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    ABSTRACT: In this paper, we report results of radiation dose measurements in fingernails of a worker who sustained a radiation injury to his right thumb while using 130 kVp X-ray for nondestructive testing. Clinically estimated absorbed dose was about 20-25 Gy. Electron paramagnetic resonance (EPR) dose assessment was independently carried out by two laboratories, the Naval Dosimetry Center (NDC) and French Institut de Radioprotection et de Sûreté Nucléaire (IRSN). The laboratories used different equipments and protocols to estimate doses in the same fingernail samples. NDC used an X-band transportable EPR spectrometer, e-scan produced by Bruker BioSpin, and a universal dose calibration curve. In contrast, IRSN used a more sensitive Q-band stationary spectrometer (EMXplus) with a new approach for the dose assessment (dose saturation method), derived by additional dose irradiation to known doses. The protocol used by NDC is significantly faster than that used by IRSN, nondestructive, and could be done in field conditions, but it is probably less accurate and requires more sample for the measurements. The IRSN protocol, on the other hand, potentially is more accurate and requires very small amount of sample but requires more time and labor. In both EPR laboratories, the intense radiation-induced signal was measured in the accidentally irradiated fingernails and the resulting dose assessments were different. The dose on the fingernails from the right thumb was estimated as 14 ± 3 Gy at NDC and as 19 ± 6 Gy at IRSN. Both EPR dose assessments are given in terms of tissue kerma. This paper discusses the experience gained by using EPR for dose assessment in fingernails with a stationary spectrometer versus a portable one, the reasons for the observed discrepancies in dose, and potential advantages and disadvantages of each approach for EPR measurements in fingernails.
    Biophysik 06/2014; 53(4). DOI:10.1007/s00411-014-0553-6 · 1.58 Impact Factor
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    • "Nails are easy to collect and can possibly give an estimation of the dose distribution when nails from each finger or toe can be analyzed separately. More recently, large efforts have been made to understand the free radicals mechanism in nails and establish EPR nail dosimetry with different approaches (Romanyukha et al. 2007a, 2010; Reyes et al. 2008, 2009, 2012; Trompier et al. 2007b, 2009; Black and Swarts 2010; Wilcox et al. 2010; He et al. 2011). In spite of these efforts, until now, no practical application has been reported, to the best of the authors’ knowledge, mainly because several difficulties have been identified in the development of EPR dosimetry on nails. "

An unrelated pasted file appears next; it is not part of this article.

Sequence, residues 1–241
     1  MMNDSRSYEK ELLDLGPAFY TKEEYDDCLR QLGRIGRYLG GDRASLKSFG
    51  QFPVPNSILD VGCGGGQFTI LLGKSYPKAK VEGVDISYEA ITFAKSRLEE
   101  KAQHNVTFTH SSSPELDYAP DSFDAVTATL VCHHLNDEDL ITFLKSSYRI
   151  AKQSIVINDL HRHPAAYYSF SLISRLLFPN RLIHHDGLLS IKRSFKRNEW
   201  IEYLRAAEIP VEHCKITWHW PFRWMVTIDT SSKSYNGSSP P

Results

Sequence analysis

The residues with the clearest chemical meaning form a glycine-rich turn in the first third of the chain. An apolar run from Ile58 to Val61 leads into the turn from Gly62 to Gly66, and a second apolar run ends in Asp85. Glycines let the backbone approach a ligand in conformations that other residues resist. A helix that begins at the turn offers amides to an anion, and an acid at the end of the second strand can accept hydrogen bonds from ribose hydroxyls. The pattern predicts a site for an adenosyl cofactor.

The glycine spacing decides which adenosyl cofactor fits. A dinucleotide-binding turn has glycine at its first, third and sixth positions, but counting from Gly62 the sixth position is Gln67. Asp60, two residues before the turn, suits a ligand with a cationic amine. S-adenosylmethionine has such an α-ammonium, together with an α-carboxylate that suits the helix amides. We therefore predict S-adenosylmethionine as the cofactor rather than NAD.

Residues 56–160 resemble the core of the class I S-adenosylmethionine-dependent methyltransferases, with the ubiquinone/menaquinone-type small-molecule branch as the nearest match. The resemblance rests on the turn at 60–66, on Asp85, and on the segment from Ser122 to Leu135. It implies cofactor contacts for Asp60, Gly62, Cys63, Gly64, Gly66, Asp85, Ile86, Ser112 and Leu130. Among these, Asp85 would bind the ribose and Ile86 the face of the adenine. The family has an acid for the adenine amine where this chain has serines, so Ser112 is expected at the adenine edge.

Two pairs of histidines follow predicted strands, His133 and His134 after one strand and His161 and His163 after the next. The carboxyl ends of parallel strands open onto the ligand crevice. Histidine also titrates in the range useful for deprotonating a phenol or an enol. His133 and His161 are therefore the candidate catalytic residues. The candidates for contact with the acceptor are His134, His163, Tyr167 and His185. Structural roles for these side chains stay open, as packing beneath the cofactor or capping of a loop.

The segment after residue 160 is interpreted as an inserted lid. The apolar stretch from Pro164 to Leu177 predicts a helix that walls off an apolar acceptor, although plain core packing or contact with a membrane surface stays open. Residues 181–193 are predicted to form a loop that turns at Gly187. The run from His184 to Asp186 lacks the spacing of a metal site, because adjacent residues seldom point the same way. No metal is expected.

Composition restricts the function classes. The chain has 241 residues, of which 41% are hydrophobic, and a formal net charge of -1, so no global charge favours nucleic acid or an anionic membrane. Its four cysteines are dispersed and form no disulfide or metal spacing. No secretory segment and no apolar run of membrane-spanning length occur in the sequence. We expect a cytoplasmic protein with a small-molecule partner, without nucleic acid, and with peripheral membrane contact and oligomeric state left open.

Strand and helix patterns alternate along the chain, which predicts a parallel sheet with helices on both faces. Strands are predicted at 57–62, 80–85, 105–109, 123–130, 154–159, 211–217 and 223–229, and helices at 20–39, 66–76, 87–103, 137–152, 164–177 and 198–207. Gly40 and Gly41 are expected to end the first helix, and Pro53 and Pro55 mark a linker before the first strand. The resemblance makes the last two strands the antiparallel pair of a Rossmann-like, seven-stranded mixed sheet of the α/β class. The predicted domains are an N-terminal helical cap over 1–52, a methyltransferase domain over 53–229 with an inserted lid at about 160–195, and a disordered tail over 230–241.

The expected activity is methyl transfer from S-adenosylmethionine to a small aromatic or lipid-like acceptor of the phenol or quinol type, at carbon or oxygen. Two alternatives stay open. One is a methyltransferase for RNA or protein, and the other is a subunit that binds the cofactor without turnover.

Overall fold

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    ABSTRACT: Until very recently, analysis of bone biopsies by means of the method of electron paramagnetic resonance (EPR) collected after surgery or amputation has been considered as the sole reliable method for radiation dose assessment in hands and feet. EPR measurements in finger- and toenail have been considered for accident dosimetry for a long time. Human nails are very attractive biophysical materials because they are easy to collect and pertinent to whole body irradiation. Information on the existence of a radiation-induced signal in human nails has been reported almost 25 years ago. However, no practical application of EPR dosimetry on nails is known to date because, from an EPR perspective, nails represent a very complex material. In addition to the radiation-induced signal (RIS), parasitic and intense signals are induced by the mechanical stress caused when collecting nail samples (mechanically induced signals-MIS). Moreover, it has been demonstrated that the RIS stability is strongly influenced not only by temperature but also by humidity. Most studies of human nails were carried out using conventional X-band microwave band (9 GHz). Higher frequency Q-band (37 GHz) provides higher spectral resolution which allows obtaining more detailed information on the nature of different radicals in human nails. Here, we present for the first time a complete description of the different EPR signals identified in nails including parasitic, intrinsic and RIS. EPR in both X- and Q-bands was used. Four different MIS signals and five different signals specific to irradiation with ionizing radiation have been identified. The most important outcome of this work is the identification of a stable RIS component. In contrast with other identified (unstable) RIS components, this component is thermally and time stable and not affected by the physical contact of fingernails with water. A detailed description of this signal is provided here. The discovery of stable radiation-induced radical(s) associated with the RIS component mentioned opens a way for broad application of EPR dosimetry in human nails. Consequently, several recent dosimetry assessments of real accident cases have been performed based on the described measurements and analyses of this component.
    Biophysik 01/2014; 53(2). DOI:10.1007/s00411-014-0512-2 · 1.58 Impact Factor